Damage tally from wildfire complete

12/13/2016

Eleven days after a deadly storm of wind and flame descended upon Sevier County from the Great Smoky Mountains, the nation’s most visited national park reopened Friday alongside the city of Gatlinburg.

The damage, which officials have finally finished evaluating, has been extensive.

As days passed and the smoke began to clear after the Nov. 28 fires, authorities followed a grisly routine, announcing each day the ever-increasing totals that described the damage. Fourteen people died in the fire, which injured at least 191 others and displaced thousands more.

On Thursday evening, officials said in a joint news release the assessment of structural damage to homes and businesses was complete: 2,460 total buildings damaged or destroyed — 1,137 in Gatlinburg, 18 in Pigeon Forge and 1,305in other parts of Sevier County.

I am proud of how hard our community has worked to provide assistance to those devastated by the fires,” Gatlinburg City Manager Cindy Cameron Ogle said Thursday in a statement. “We focused this week on allowing our residents and business owners the opportunity to return to their properties in privacy as we started the cleanup and healing process together as a community. We have much more work ahead of us, but for now, I look forward to standing behind our business community as we reopen tomorrow to the public and get people back to work.”

Newfound Gap Road, Little River Road, the Gatlinburg Bypass and the portion of U.S. Highway 441 known as the Spur are slated to reopen at 7 a.m., and park visitor centers at Sugarlands, Oconaluftee and Cades Cove will resume normal operating hours, according to a park news release. Cherokee Orchard Road will remain closed, as will hiking trails within the fire footprint.

The park asks that visitors refrain from entering burned areas on foot and reminds visitors that firefighters still are establishing containment lines to ensure the fire is extinguished.

Several upcoming park events have been postponed or canceled. The Festival of Christmas Past, scheduled for Saturday, has been canceled. The Hike 100 Centennial Challenge celebration, scheduled for Friday at the Gatlinburg Convention Center, has been postponed. The Holiday Homecoming at the Oconaluftee Mountain Farm will take place as planned on Dec. 17.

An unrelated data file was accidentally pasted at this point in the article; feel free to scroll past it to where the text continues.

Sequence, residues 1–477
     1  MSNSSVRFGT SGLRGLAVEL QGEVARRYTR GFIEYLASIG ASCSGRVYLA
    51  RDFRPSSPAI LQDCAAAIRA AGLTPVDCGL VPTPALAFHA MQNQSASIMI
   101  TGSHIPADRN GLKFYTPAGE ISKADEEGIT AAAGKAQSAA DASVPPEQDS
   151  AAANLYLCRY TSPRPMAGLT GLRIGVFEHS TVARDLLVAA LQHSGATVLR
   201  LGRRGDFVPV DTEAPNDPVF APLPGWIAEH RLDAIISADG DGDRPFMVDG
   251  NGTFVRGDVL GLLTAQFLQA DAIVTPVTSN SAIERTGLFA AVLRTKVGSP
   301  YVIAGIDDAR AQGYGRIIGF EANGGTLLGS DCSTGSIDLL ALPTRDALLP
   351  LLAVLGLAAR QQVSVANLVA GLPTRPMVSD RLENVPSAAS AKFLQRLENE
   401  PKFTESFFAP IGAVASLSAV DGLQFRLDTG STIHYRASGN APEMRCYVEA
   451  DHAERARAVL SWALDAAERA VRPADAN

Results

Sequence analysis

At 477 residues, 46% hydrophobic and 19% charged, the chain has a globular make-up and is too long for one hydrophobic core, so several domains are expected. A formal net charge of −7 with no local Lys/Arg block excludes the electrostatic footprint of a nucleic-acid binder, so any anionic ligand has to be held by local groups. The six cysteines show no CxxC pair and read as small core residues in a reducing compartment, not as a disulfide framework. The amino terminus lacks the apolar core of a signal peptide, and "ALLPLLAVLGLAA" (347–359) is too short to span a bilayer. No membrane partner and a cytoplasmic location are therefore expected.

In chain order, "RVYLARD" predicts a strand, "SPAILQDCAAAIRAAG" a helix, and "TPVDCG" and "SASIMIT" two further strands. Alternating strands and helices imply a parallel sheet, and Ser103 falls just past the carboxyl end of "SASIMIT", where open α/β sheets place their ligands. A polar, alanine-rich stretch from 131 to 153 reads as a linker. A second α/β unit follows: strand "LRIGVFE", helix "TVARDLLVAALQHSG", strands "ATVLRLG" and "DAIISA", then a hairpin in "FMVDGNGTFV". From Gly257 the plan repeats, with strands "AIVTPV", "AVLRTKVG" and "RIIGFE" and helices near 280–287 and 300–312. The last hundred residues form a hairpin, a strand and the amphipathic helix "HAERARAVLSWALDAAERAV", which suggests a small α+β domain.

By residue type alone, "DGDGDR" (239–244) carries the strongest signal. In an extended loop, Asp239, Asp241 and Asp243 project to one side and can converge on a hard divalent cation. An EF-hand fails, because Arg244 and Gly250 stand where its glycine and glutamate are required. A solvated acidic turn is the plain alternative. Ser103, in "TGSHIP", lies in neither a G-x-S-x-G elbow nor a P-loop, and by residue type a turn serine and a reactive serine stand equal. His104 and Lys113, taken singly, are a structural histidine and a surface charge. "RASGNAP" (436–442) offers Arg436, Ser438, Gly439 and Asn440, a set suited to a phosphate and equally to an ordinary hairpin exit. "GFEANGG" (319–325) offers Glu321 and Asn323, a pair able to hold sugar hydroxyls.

Many residents of the resort town still are without water, and those with water may find it cloudy or discolored because of a lack of supply from firefighting efforts and damaged utilities, according to a joint news release. The water supply for downtown Gatlinburg is at full capacity, and East Gatlinburg’s was not affected.

Returning property owners been urged to check their plumbing systems as freezing weather comes to the area following the fires.

“The exposed pipes in the burned structures typically come apart in the heat of the fire, so it is running water after the fire has subsided,” city spokeswoman Marci Claude wrote in an email. “The city has cut off the water meter supplying water to each property that has fire damage that could have exposed water pipes.”

She suggested other properties make sure water lines are either buried or insulated to ensure pipes don’t freeze.

The Sevier County fires came near the end of a disastrous year for fires in Tennessee, in which 1,427 blazes have spanned 44,027 acres. The severe and at times exceptional-level drought that has been in effect to some extent since April has turned the state, as well as the larger Southeast region, into a tinderbox. Although Gatlinburg received more than 3 inches of rain over the past week, the area remains nearly 14 inches below normal precipitation levels for the year, according to the National Weather Service in Morristown.

The recent rain has been “very beneficial” for the drought, but in the long term, “it’s not going to make a difference” unless the state continues to receive slow, steady rainfall, said Jessica Winton, a weather service meteorologist.

Two teenagers have been arrested on charges of starting the fire that eventually grew to consume parts of Sevier County. The teens, whose names, ages and genders have not been released, remain in custody on aggravated arson charges, said Jimmy Dunn, 4th Judicial District attorney general. They await a detention hearing in Juvenile Court when bond could be set, and could be transferred to Criminal Court if prosecutors move to try them as adults.

The fire burned for days near the Chimney Tops trail inside the park until Nov. 28, when wind speeds approaching 90 mph spread embers from the then-500acre blaze for miles. The hurricane-force winds downed power lines and felled trees, starting several new fires that raced through Gatlinburg and beyond.

The Chimney Tops fire, which had since grown to span more than 17,000 acres, stood at 91 percent contained. The Cobbly Nob fire spanned 756 acres, down roughly 60 acres, and stood at 92 percent contained.

To date fighting the Chimney Tops fire has cost $5,916,962, and fighting the Cobbly Nob fire has cost $265,363.

Source: Knoxville News Sentinel, by Travis Dorman

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